Addressing other issues regarding getting a new wife or the relationship being over, I think my other half is employing a bit of brinkmanship in terms of threatening to end everything. I’m not trying to explain away a deeper problem in the relationship but perhaps a middle ground be found.
This has been a very hard period for both of us and tensions are running very high.Posted 1 year agomartinhutchMember
With kids that age, you know it can be a stressful time in any relationship, and what with her coping with you being injured, chances are she’s frazzled emotionally and physically. So it might seem like a slightly unreasonable request, but context is everything. It’s hard for a non-mtber to understand the risk/reward balance and how you manage it. And, to be fair, you’ve either been managing it badly or been very unlucky. She is presumably terrified that she could end up with a severely disabled husband and two young kids to look after.
My instinct would certainly be to commit to taking a break from drops and jumps and embrace something a lot more mellow for the time being, whether that’s on two wheels or something different.Posted 1 year agotjagainMember
MTB riding is inherently risky.
No it is not. Its only risky if you take risks. Bimbling around bridleways is not risky. Riding within your limits is not risky
To the OP – sounds to me like you have pushed your wife to the limit and been very selfish. You need to sit down with her with an aim and agreement that neither of you get angry and calmly discuss it
Overall tho I am on her side. You have put your wishes above the needs of the family and that will never end well. You have backed her into a corner.Posted 1 year agodukeduvetSubscriber
Riding bikes is great but to be seperated from my wife and children would just not be worth it.
Maybe agree a temporary break from the bikes so you can get better, support your wife and family and take it from there. Keep your bikes though.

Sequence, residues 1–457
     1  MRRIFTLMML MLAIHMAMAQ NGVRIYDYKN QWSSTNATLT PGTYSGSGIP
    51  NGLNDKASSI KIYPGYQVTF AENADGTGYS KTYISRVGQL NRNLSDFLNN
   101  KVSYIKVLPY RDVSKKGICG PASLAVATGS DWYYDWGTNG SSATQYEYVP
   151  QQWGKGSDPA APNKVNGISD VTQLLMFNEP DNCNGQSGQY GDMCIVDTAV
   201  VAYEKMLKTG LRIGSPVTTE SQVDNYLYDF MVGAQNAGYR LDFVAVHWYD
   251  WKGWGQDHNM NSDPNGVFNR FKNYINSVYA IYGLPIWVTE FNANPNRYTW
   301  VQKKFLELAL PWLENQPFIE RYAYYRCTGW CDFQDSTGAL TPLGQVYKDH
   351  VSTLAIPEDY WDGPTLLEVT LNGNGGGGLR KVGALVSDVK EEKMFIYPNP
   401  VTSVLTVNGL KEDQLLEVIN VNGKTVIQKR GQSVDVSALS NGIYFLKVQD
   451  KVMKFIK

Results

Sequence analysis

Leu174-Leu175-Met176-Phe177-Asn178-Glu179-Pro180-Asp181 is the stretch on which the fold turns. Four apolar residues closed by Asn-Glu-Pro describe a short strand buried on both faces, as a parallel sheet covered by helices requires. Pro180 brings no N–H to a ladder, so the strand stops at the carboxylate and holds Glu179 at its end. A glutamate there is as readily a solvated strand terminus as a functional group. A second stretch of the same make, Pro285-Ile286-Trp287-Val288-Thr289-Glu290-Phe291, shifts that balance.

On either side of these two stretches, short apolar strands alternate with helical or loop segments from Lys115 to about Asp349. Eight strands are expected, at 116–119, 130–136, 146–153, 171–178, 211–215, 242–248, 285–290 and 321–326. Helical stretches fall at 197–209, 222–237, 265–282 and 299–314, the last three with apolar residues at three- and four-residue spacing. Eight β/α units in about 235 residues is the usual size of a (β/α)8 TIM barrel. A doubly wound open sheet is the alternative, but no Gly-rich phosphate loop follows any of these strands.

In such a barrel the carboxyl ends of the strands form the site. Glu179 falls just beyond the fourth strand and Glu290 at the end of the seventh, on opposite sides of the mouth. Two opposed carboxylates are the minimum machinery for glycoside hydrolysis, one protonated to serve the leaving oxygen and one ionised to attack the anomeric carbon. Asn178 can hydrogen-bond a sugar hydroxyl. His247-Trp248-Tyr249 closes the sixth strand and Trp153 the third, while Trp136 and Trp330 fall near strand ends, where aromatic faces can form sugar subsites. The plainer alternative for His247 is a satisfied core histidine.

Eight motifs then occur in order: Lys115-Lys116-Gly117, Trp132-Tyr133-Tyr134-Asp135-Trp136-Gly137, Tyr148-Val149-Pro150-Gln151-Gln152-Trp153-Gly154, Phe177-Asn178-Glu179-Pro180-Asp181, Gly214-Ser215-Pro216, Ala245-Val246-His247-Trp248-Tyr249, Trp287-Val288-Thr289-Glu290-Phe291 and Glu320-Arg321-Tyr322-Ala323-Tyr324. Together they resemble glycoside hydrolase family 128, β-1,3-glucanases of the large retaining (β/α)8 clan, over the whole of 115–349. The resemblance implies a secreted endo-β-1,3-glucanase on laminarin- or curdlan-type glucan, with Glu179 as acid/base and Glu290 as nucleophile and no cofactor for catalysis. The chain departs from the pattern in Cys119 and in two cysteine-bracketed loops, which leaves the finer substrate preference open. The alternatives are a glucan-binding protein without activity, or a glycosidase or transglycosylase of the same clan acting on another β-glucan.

Also family bike rides are great and hopefully your kids will want mountain bikes soon. Then you go out with them, wife gets to hang out with friends and everyone’s happy. Until the kids start having big offs!Posted 1 year agochakapingSubscriber
Can I be the first to suggest a skills course before you attempt getting your wheels off the ground again?
Without going into much personal detail, perhaps this is a symptom of a more serious problem in our relationship?
Yep. It’ll seem obvious when you look back, I expect.Posted 1 year agojimmyjujuMember
I’m not you but, when our son was two (and then four – he’s seven now), it was an enormous strain on our relationship. It brought up all the things that were wrong and highlighted them. We’d grown with him of course and so couldn’t really see it. But I agree with the above points, surely they’ll be having a huge effect. Instead of living across from one another, we lived through him – in just simple ways like, everything became practical (because it just was so much of the time), we poured loads of our energy in to him (because you do) so we didn’t have anything left for one another.
Although yeah, you sound like you got back on the bike and hit things too big for you (classic) and, yeah of course you’ve got a commitment to your kids which is bigger than just you (don’t agree at all with just, get a new wife – you’ve got kids, they deserve more effort and by **** it’s messy – we tried it and it was HORRENDOUS even with an amicable separation); still, you’ve got to be you, too.